“I’m a fifth-generation farmer and I want to protect what I’m going to be passing along to my, hopefully, next generation,” she said. “I want to make regulations based on community decisions.”
The Gage and Kearney County setbacks are among the strictest solar buffer zones in the nation, said Matthew Eisenson, an attorney who leads the Renewable Energy Legal Defense Initiative at New York’s Columbia University.
Outside of those two counties, Eisenson said Nebraska “appears to have relatively few serious restrictions on solar energy.”
One of the primary criticisms of solar power is the amount of land it requires and whether renewable energy is a proper use of that land.
“(Solar) doesn’t produce electricity 24 hours a day, and they are trying to put it on the best dryland ag land in the state,” said Duane Murdoch, who is in his third term on the Cass County Board. “If you put it on poor land, I’m all for it.”
Utilities say solar is valuable because it generates power during the day when electrical demand is highest and it does so at a lower cost than building a coal or nuclear plant.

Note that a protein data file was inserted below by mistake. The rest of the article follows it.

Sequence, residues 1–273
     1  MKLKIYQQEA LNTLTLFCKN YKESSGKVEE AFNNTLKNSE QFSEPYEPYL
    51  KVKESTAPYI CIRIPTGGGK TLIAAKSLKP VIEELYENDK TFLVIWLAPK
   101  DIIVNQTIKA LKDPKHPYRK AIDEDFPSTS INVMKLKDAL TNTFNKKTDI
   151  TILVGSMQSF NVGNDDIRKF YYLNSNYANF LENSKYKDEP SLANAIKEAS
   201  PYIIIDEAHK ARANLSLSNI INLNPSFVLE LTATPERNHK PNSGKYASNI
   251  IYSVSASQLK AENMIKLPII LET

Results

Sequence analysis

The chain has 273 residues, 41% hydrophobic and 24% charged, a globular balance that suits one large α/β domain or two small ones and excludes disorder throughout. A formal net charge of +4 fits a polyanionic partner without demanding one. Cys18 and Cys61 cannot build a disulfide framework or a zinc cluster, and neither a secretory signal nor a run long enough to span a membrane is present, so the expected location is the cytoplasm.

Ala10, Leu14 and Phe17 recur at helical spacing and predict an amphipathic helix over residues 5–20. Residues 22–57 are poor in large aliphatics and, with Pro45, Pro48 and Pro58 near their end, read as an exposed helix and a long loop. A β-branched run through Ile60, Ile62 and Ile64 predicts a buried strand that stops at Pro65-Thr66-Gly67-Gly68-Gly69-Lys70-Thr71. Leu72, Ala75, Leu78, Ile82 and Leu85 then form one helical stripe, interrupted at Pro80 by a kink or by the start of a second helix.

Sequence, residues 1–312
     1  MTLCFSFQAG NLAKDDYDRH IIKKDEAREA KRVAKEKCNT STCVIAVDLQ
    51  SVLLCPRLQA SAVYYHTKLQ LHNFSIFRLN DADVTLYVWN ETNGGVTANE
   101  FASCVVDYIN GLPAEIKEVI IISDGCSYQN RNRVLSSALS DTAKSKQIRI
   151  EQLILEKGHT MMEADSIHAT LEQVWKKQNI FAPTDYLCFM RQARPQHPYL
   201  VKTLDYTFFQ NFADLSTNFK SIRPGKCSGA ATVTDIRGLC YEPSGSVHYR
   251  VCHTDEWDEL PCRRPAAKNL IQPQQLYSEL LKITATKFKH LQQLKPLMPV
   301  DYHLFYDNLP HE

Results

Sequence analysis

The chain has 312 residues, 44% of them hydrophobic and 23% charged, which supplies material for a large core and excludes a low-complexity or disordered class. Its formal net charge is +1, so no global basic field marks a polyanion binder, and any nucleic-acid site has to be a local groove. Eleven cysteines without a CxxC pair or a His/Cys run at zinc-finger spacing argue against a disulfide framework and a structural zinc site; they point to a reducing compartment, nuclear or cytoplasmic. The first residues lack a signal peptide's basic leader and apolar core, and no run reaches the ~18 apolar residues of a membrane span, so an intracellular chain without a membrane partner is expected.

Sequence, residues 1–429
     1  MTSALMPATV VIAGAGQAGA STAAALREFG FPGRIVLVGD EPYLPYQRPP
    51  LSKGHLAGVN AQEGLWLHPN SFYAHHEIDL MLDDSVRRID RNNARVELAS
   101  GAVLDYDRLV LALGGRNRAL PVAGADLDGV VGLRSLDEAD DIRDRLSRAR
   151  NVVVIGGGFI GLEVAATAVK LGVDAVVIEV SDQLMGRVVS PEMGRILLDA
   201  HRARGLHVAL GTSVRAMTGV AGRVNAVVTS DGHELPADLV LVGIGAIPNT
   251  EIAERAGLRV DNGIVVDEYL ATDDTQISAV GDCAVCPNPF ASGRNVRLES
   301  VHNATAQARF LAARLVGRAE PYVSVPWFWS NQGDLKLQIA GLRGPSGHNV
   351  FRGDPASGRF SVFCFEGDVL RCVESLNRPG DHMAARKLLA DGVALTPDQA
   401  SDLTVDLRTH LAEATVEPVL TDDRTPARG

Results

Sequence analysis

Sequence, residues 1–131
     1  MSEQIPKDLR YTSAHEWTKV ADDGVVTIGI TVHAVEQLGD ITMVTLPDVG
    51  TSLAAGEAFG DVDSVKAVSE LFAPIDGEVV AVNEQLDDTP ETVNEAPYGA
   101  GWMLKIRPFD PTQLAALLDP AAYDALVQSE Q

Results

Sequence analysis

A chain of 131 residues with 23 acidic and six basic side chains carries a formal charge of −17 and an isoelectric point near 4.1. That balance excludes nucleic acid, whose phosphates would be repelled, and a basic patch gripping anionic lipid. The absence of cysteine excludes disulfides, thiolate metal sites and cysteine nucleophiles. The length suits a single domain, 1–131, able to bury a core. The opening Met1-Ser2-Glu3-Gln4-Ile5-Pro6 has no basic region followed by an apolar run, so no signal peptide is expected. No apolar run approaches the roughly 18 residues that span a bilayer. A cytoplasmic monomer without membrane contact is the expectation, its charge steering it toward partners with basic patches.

Some opponents go a step further than Murdoch and say large-scale solar doesn’t belong in rural areas.
“When you move out to the country, ag is there, it’s not a new industry,” said Haxby. “You’re making an informed decision that farming will occur in the place you are choosing to live. When you bring in a new industry, that’s not something you choose to live next to.”
Griffith, one of the land owners hoping to lease his property for the Lancaster County project and whose land is not a target of that lawsuit, said neighboring acreages shouldn’t be able to dictate how he uses his land.
“(Neighbors) are fighting it tooth and nail because they think they have more say over it because of their 5 acres, quite honestly,” he said.
Murdoch was among those who lobbied for stricter setbacks when Cass County wrote zoning rules that would govern a solar project NextEra Energy Resources is developing near Murray.
NextEra has leased 3,000 acres. About 40%-50% of that will be for setbacks from roads and adjoining properties, riparian areas, drainage and trees, said Matthew Jones, project developer.
NextEra plans to invest about $476 million in the site, which would generate about 320 megawatts of electricity, enough to power as many as 66,000 households. The Florida-based company has, or is developing, wind projects in eight Nebraska counties.
NextEra chose the site for the solar farm, in part, because of its proximity to the grid. It would use less than 1% of farmland in Cass County.